Date of Award


Document Type


Degree Name

Master of Science (MS)



First Advisor

Jeffrey L. Spees


ABSTRACT Coronary artery disease leading to myocardial infarction (a.k.a. MI, heart attack) is one of the leading causes of death globally. Each year an estimated 605,000 Americans suffer a heart attack, which equates to one MI every 40 seconds. As such, MI represents one of the largest health burdens to society. The current standard of care is revascularization therapy achieved by fibrinolytics and Percutaneous Coronary Intervention (PCI); both of which re-open occluded proximal arteries to restore blood flow to the affected areas. Despite revascularization therapy, 30-50% of patients exhibit a form of reperfusion injury termed “no/low-reflow” in which the blood supply to distal vessels remains compromised. Currently, there is no FDA-approved therapy to treat reperfusion injury or no/low reflow after MI. The cell-based therapy field has sought to treat reperfusion injury with transplantation of stem/progenitor cells that promote angiogenesis and replace lost microvessels, or contribute directly to the vasculature or cardiac myocyte pool through direct differentiation. Notably, however, poor cell engraftment and survival and a lack of sustained angiogenesis has limited the utility of cell-based approaches. A different strategy to treat reperfusion injury involves administration of paracrine factors, as opposed to cells with paracrine activity. Our lab has previously reported vasoprotective complexes formed between Hepatocyte Growth Factor (HGF) and mixed, non-specific polyclonal Immunoglobulin G (IgG). Treatment with HGF/IgG complexes was demonstrated to be vaso- and cardioprotective in a rodent model of MI with reperfusion. In work presented here, we hypothesized that other heparin-binding growth factors interact with IgG in a manner similar to HGF and that the resulting complexes would effectively protect the myocardium after MI. To identify additional factors capable of binding the glycosylated IgG Fc domain, we utilized a native agarose electrophoresis system at physiological pH (7.4) and pull-down assays using Protein-A conjugated to agarose beads. We determined that basic Fibroblast Growth Factor (a.k.a bFGF or FGF2) formed complexes with IgG (FGF2:IgG). Furthermore, addition of FGF2 was found to seed and participate in complex formation with HGF and IgG (FGF2:HGF:IgG). Intriguingly, molecular modeling studies suggest a single Fc domain is capable of accommodating both heparin-binding growth factors simultaneously (on opposing sides). To assess the cardioprotective capacity of the biologic complexes ex vivo, primary human cardiac microvascular endothelial cells were exposed to simulated ischemia (nutrient deprivation and 1% oxygen) for 48-72 hours. FGF2:HGF:IgG complexes significantly promoted cell survival. Furthermore, in pre-clinical studies using a porcine model of MI with reperfusion, intracoronary delivery of FGF2:HGF:IgG from the PCI guide catheter after stenting rescued myocardial tissue and electrical conduction within the infarcted area 24 hours after treatment. Our data indicate FGF2:HGF:IgG complexes preserve tissue at risk after ischemic insult and may reduce reperfusion injury and no/low-reflow after MI.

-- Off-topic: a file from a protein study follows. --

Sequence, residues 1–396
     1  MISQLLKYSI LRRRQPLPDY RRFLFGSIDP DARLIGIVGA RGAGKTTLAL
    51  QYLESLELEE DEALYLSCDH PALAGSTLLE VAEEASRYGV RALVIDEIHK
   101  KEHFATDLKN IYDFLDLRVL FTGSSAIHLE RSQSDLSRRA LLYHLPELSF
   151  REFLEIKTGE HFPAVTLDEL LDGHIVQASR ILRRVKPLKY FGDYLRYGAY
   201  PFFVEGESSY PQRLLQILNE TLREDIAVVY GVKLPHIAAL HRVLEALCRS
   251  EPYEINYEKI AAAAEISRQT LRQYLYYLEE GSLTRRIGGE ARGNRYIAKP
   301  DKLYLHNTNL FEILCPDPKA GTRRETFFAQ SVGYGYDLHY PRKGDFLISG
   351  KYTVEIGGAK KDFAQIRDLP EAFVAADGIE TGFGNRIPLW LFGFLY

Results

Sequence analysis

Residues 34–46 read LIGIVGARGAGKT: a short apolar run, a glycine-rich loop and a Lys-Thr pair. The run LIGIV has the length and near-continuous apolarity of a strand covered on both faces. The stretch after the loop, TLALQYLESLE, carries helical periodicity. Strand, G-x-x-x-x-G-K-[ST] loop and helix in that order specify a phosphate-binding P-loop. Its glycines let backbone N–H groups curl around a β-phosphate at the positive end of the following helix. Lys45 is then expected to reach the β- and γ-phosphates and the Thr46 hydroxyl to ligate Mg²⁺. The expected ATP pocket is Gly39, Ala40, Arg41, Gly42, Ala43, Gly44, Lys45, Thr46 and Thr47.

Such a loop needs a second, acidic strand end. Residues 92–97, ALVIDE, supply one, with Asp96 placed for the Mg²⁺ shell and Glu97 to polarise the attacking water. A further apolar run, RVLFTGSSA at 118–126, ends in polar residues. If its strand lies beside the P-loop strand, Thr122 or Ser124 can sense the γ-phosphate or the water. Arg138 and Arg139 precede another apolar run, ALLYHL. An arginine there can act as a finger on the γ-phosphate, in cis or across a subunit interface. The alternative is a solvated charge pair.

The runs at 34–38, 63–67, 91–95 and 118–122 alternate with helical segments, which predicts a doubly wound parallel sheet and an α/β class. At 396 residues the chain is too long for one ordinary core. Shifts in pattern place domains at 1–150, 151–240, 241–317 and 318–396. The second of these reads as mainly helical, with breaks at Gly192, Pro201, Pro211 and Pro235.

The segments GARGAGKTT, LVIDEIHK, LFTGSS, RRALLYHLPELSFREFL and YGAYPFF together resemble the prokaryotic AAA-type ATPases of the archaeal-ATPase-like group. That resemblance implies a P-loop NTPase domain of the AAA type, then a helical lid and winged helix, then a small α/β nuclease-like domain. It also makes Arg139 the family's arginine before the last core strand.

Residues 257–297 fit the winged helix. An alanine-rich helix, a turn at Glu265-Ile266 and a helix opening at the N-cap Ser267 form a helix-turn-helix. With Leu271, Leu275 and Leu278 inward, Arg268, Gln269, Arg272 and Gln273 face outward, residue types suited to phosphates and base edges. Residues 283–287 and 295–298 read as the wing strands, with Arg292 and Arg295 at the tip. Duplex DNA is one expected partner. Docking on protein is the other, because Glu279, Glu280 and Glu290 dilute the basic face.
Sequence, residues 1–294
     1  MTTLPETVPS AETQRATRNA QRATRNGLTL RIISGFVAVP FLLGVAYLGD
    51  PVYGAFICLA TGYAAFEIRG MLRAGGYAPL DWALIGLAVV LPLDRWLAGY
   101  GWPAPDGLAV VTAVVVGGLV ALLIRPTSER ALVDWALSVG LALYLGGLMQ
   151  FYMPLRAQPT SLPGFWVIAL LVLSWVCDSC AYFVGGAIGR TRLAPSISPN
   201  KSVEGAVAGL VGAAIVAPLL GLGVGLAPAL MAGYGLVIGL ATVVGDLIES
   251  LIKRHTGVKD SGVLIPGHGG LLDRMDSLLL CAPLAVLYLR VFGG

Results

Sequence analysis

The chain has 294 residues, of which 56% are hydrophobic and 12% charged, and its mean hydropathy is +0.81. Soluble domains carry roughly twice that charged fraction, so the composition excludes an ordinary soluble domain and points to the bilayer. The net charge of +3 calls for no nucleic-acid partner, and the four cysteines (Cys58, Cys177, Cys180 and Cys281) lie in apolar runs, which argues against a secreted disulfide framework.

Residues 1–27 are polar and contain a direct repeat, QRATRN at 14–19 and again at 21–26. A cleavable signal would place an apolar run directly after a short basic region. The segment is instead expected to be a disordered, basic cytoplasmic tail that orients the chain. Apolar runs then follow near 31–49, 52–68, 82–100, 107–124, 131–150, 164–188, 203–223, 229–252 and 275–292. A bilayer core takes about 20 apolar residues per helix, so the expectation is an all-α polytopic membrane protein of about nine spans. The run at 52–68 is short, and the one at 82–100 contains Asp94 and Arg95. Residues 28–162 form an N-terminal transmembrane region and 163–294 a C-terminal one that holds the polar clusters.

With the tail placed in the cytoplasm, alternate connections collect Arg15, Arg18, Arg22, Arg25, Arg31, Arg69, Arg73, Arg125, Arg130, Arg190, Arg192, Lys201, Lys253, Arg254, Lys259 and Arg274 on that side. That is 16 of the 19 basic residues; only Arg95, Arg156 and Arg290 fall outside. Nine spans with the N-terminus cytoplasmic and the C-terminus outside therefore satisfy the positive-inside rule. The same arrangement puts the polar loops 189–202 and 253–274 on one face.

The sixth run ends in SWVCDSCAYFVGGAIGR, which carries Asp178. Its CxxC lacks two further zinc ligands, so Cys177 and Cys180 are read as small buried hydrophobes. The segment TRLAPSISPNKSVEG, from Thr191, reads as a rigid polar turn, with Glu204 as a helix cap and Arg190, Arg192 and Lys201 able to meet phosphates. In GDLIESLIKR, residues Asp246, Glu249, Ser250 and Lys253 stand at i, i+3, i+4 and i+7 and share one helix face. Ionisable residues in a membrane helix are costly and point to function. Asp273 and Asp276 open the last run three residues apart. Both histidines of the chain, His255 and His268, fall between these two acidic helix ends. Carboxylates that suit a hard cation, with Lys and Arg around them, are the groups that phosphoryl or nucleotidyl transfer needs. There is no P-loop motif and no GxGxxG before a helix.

Number of Pages

113 p.